Our RCT attempts to answer a research question by collecting data from a *sample* of a *population*.

Data collection consists in measuring the values of several *variables* for each member of the population.

First, we gain insight into the data we have collected by inspecting it, organising it, summarising it. This is *descriptive statistics*.

Then, we use the data to draw conclusions about the population from which the sample is collected, and to test the reliability of those conclusions. This is *inferential statistics*.

Variables may be *continuous* or *discrete*.

Continuous variables can be measured with arbitrary precision. Think of the **age** variable in our dataset: we are measuring it to the nearest year, but in theory we could measure this in seconds, nanoseconds or even more accurately.

In contrast, Discrete variables take only a fixed number of possible values. Look at the **random** variable in our dataset which only takes the values â€˜drainâ€™ and â€˜skinâ€™, or the **satisfaction** variable that takes only the values â€˜Poorâ€™, â€˜Satisfactoryâ€™â€˜, Goodâ€™ and â€˜Excellentâ€™.

NB. The values of **random** donâ€™t seem to have any particular ordering, but the values for **satisfaction** do: â€˜Goodâ€™ is higher than â€˜Satisfactoryâ€™, and so on. We therefore call this an *ordinal* variable. However, are we sure that the distance between â€˜Poorâ€™ and â€˜Satisfactoryâ€™ is the same as that between â€˜Goodâ€™ and â€˜Excellentâ€™, etc? Maybe not. We should probably conclude, then, that the **satisfaction** variable isnâ€™t *interval*. It is worth thinking about these things because they affect the tests we can use later on.

Letâ€™s think about the **age** variable in our data can take, and how often it takes each one. We can visualise this with a histogram:

```
# The 'breaks=20' part dictates how many 'bins' the histogram uses
hist(RCT$age, breaks = 20)
```

Our RCT dataset contains 64 rows of observations, but imagine if it contained 1 million rows, or even more. We would start to build up a detailed picture of how often different ages occur in our data. This would be the *distribution* of the age variable. Letâ€™s look at a few of the other variables.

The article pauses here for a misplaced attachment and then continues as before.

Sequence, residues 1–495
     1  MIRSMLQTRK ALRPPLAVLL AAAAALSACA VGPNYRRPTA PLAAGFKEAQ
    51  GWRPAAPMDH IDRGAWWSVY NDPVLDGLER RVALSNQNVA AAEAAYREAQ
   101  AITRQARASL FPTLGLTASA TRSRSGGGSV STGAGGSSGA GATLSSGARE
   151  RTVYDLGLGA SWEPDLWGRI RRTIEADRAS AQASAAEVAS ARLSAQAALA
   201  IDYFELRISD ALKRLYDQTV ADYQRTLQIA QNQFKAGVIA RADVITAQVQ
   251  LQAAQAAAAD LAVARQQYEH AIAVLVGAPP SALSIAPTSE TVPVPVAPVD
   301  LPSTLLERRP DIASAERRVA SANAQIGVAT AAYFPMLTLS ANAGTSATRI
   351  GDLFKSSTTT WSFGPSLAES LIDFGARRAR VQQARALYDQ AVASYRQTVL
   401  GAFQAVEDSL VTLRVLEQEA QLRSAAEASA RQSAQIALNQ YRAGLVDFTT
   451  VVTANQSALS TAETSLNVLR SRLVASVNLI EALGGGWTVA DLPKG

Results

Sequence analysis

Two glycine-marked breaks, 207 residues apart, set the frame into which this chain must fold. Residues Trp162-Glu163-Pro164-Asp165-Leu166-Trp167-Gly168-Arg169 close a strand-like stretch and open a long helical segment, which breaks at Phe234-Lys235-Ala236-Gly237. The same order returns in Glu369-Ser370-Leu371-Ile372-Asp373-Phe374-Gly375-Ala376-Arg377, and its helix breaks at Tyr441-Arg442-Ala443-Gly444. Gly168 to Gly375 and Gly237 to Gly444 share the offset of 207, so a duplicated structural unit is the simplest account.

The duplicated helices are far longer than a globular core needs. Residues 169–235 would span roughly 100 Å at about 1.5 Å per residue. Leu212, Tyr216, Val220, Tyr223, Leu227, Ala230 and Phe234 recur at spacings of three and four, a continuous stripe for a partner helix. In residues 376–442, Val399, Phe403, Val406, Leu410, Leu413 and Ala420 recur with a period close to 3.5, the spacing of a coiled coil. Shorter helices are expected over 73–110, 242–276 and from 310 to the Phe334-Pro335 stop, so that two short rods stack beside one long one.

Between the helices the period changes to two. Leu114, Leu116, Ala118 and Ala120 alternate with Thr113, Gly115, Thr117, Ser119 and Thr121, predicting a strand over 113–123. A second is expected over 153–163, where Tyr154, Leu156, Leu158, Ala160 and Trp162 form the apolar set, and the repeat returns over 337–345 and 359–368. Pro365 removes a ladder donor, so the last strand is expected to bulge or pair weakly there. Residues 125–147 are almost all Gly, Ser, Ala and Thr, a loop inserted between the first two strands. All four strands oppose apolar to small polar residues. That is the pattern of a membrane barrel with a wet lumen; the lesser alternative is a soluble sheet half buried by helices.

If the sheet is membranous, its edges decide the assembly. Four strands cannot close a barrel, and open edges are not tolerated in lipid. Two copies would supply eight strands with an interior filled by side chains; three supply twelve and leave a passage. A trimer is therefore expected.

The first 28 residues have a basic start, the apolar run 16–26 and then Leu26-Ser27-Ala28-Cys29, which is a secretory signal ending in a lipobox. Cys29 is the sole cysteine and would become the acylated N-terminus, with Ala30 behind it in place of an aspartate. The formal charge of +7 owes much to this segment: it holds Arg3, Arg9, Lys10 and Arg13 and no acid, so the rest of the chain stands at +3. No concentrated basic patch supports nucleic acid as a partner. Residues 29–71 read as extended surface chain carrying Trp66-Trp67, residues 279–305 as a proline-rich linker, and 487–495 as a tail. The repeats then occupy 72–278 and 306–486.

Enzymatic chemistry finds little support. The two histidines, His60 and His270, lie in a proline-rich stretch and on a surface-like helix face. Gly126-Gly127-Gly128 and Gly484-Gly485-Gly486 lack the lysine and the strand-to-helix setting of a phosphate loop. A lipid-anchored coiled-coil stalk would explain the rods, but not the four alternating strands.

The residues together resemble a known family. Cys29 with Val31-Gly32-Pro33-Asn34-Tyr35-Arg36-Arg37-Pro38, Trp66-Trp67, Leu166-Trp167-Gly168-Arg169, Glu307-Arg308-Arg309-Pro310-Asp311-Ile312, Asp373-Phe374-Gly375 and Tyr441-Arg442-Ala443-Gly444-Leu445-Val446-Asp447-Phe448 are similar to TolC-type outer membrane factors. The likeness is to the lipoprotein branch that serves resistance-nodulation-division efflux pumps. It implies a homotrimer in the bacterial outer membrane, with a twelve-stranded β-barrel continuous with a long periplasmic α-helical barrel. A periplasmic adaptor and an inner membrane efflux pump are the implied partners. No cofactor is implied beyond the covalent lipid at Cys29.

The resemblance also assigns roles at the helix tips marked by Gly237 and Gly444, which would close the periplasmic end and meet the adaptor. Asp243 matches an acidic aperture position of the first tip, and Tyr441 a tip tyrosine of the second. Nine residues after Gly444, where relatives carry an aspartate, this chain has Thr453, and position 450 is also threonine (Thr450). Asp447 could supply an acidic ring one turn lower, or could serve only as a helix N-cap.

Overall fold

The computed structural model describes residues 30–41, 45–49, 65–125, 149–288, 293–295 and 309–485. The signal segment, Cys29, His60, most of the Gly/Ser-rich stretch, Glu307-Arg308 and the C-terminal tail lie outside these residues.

```
hist(RCT$ps12)
hist(RCT$id, breaks = 20)
```

**ps12** could be described as right-tailed, or *right-skewed*. It might seem a bit irrelevant to plot a histogram for the **id** variable, but this is a great example of the *uniform distribution* (where all states of the variable are equally likely). There is another, very important distribution you will also have heard of:

We can see how the centre-point of the bell curve shifts right and left as the mean of the distribution changes, and how the thin-ness or fatness of the distribution alters as we change the standard deviation.

A key question to ask yourself as you inspect the histograms for your data is, does this variable approximate the normal distribution? That is, if we kept taking more-and-more observations in our experiment, would the histogram we obtain look more-and-more like a bell-curve? Again, this is important to think about because if affects the tests we can use later.

It actually turns out that none of the variables in our RCT are normally distributed (age comes the closest, but it is too left-skewed). Letâ€™s pretend for a second that the age data were normal:

```
RCT$fake_age <- rnorm(nrow(data), mean = 50, sd = 2))
hist(RCT$fake_age)
```

Recall:

- Mean = sum of all datapoints/number of datapoints
- Median = middle datapoint, if all data were arranged in order on a line
- Mode = most common datapoint